Degree Name



Mechanical Engineering


Ira A. Fulton College of Engineering and Technology

Defense Date


Publication Date


First Faculty Advisor

Randy Lewis

First Faculty Reader

Terri Bateman

Honors Coordinator

Brian D. Jensen


Maintainability, Design, Low-Resource, Development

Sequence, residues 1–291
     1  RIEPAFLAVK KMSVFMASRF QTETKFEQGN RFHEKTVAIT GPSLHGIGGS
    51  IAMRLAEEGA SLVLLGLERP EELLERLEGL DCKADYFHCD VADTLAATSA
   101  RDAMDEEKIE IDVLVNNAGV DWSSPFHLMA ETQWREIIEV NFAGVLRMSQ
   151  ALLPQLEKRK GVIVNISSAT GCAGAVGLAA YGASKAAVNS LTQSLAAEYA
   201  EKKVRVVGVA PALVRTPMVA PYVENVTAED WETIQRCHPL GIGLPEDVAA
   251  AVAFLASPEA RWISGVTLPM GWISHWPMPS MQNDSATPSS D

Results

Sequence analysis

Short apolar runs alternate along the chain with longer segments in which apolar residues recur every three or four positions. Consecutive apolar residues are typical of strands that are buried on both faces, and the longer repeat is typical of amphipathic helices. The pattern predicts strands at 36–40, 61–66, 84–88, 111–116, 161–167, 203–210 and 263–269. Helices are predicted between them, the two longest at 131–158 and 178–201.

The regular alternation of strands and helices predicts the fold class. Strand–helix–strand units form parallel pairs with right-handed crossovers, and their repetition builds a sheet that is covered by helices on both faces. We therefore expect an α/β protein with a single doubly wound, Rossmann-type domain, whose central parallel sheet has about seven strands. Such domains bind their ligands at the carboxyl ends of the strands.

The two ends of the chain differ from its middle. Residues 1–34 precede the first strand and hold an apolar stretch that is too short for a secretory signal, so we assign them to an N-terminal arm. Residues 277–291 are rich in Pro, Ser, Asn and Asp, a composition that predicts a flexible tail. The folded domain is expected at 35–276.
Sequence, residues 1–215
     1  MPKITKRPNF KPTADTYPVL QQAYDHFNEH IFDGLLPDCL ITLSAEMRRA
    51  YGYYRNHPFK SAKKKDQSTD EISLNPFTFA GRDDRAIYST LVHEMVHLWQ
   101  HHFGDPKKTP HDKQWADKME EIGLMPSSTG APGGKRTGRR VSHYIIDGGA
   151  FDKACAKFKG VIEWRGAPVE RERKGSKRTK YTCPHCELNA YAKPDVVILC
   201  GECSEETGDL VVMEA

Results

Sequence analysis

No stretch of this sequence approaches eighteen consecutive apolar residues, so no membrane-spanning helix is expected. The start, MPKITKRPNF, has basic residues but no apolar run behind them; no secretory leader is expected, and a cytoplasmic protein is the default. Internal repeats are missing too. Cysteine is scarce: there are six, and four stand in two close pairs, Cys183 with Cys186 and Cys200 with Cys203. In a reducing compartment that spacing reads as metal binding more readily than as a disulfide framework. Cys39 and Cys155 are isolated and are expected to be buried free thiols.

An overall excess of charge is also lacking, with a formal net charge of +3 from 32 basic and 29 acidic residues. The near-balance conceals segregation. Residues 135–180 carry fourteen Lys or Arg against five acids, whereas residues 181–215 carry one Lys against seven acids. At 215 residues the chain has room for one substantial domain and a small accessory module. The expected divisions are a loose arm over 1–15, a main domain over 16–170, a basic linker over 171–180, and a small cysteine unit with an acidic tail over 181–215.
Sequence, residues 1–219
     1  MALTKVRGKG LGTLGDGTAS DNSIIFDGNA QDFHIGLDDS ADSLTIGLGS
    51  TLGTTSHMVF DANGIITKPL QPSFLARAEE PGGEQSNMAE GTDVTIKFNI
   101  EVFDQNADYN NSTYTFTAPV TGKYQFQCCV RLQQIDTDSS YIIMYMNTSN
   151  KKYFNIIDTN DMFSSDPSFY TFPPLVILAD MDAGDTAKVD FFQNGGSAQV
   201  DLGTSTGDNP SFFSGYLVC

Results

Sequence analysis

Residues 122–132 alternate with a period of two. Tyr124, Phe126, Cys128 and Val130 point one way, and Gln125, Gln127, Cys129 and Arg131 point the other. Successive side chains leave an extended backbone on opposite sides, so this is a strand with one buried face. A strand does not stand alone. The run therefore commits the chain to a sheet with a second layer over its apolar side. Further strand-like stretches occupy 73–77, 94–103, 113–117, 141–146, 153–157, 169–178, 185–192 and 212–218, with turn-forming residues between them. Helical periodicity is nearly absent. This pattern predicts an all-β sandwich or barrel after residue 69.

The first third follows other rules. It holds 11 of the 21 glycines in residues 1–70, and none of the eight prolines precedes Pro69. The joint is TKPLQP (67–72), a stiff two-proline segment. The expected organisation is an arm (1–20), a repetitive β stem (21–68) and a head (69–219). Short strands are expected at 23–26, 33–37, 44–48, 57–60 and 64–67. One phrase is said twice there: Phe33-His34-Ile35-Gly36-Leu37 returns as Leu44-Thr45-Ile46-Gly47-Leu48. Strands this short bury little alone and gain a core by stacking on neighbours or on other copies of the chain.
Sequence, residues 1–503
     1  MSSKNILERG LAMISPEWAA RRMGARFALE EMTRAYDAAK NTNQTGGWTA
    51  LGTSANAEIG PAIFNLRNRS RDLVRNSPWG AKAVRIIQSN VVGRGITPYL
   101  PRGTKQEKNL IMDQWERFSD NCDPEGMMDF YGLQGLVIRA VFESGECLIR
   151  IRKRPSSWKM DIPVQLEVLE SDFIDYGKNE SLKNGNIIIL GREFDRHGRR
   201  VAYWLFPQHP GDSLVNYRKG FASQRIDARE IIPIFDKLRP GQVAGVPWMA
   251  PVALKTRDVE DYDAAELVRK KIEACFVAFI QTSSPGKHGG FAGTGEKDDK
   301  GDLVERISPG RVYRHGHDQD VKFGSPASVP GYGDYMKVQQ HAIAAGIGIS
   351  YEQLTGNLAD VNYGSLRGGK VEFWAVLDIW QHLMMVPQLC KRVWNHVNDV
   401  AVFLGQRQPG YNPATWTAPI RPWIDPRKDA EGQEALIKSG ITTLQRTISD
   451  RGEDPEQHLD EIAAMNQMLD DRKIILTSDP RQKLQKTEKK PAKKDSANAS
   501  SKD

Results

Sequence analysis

Designing products for developing communities has exposed many of the underlying assumptions that engineers from developed nations have during the design process. There has been much written about these underlying assumptions in order to create a better framework for designing for developing communities. One unexplored, yet important area is the universality of common maintainability principles used in developed countries when designing products used in developing communities. Such principles include: simplicity, diagnosability, standardization of parts, modular subassemblies, minimizing assembly and disassembly parts, labeling components, increased life of moving parts, manuals, and simplifying tools needed for repairs [1]–[3]. The purpose of this research is to assess the universality of these maintainability principles for design in developing communities and determine any modifications or gaps that exist. A case study of a new low-cost water pump for Uros Islanders in Peru will be used to explore the practicality of the theory.